Friday, October 21, 2005

Paul & Israel...

This is something I have never really found that interesting, but my friends [who will no doubt be reading this blog with great expectation, and are now about to be sorely disappointed] do find it a topic of interest and thus, since they claim exegetical support, it must become a small interest of mine too. Well, for next week Monday anyway since that's the only time I allow for spare reading!

I've been presented with two articles that suggest that there will be a great turning of the Jews in the end times, or at least that's what Paul appears to suggest in Romans 11. The articles can be found online, and they are: Justice, The Gospel and the Land of Israel and All Israel will Be Saved. This latter one is the one of most interest to me. Does Paul really believe that there will be a massive "revival" among the Jewish nation before the end? Chris notes a book: Israel in the Plan of God by Steve Motyer, but I've not read this.

Ben Witherington's commentary on Romans notes that "temporarily some Jews, but not all, are not part of the people of God because they have rejected Jesus' messiahship. Paul nowhere in Romans 9-11 suggests that there are two peoples of God." Witherington goes on to suggest that a reading of 11:25-26 would go: some Jews have been hardened until the full number of Gentiles are brought in (by grace through faith) and in the same manner all Israel will be saved. But he then seems to go on to suggest that "therefore, he is talking about a mass conversion of non-Christian Jews at the end of salvation history." [pg. 273-275]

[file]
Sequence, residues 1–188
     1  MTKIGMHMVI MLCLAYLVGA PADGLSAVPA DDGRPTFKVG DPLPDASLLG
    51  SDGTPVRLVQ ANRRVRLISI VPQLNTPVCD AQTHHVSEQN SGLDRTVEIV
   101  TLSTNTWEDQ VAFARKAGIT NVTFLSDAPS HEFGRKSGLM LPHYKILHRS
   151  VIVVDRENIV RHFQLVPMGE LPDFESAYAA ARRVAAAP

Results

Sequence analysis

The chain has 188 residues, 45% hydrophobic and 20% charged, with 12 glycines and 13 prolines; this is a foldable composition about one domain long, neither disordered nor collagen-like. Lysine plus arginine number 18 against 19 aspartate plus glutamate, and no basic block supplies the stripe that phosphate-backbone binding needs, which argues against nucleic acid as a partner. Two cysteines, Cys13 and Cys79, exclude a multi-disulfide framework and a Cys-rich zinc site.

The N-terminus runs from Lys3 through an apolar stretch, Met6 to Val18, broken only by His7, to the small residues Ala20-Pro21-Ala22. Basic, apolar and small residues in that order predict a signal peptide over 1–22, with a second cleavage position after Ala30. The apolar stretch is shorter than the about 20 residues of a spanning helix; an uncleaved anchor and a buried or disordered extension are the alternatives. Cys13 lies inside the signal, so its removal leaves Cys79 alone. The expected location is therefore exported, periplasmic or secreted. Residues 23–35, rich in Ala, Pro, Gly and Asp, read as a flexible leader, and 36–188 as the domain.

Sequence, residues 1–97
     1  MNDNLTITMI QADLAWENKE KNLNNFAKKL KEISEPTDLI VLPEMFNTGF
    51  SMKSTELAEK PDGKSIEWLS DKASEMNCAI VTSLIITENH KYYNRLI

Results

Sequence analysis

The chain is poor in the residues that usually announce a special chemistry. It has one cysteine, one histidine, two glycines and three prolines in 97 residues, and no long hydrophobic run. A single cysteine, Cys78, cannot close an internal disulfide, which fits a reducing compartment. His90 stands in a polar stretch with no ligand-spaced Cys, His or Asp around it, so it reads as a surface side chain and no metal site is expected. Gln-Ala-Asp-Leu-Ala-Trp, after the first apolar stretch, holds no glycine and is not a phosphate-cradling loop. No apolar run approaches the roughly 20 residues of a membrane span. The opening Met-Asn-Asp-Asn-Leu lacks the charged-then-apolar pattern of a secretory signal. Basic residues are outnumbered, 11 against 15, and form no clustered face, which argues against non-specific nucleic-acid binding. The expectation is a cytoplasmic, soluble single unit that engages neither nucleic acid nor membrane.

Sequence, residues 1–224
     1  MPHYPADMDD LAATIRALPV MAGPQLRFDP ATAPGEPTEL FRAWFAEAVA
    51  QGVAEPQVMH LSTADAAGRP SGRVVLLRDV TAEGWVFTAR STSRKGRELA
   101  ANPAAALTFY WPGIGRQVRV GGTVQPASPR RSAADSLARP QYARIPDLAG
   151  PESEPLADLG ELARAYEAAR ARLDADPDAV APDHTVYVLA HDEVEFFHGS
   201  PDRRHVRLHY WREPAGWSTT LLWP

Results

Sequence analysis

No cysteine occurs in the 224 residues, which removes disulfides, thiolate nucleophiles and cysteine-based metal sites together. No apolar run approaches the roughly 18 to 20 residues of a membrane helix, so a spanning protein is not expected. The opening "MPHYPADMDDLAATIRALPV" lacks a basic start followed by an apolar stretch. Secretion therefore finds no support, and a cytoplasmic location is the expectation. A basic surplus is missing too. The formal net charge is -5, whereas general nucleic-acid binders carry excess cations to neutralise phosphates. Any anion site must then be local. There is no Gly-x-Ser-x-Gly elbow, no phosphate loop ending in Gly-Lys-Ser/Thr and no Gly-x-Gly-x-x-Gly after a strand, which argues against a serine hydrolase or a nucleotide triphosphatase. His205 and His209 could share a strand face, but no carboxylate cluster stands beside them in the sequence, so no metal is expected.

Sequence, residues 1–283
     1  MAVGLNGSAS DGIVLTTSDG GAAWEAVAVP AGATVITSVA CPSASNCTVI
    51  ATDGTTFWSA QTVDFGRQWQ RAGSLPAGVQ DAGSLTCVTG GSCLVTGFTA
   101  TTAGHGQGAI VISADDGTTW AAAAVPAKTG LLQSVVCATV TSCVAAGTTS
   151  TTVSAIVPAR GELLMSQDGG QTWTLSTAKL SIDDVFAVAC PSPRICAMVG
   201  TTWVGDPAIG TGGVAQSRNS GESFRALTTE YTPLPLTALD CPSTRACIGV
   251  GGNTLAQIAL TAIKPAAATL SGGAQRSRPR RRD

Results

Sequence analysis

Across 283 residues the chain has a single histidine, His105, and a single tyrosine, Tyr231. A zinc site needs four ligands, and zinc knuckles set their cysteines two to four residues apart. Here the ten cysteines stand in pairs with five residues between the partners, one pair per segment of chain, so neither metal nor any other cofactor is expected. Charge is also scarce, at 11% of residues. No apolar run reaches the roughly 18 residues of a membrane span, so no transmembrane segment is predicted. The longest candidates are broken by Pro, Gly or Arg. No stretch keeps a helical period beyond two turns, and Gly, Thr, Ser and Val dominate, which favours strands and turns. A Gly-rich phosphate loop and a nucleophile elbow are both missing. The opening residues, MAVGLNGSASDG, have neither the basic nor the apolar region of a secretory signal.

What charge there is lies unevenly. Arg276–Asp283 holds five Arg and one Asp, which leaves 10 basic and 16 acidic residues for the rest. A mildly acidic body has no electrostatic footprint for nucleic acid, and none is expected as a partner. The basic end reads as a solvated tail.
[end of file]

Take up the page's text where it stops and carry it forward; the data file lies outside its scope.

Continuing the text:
Are there any good articles [online?] or books to read on this topic. Any serious NT exegetes who propose such, or a different understanding? [If memory serves, Wright totally dismisses such an idea of an eschatological revival of Jews...] Witherington's reading seems so awkward when I read Paul. Does this fit into the "Left Behind" category of more fiction than exegesis?
Help would be greatly appreciated.

1 comment:

eddie said...

I've emailed you some stuff on them. remember, the passage needs to be read in light of the whole of romans, that is, its place within the argument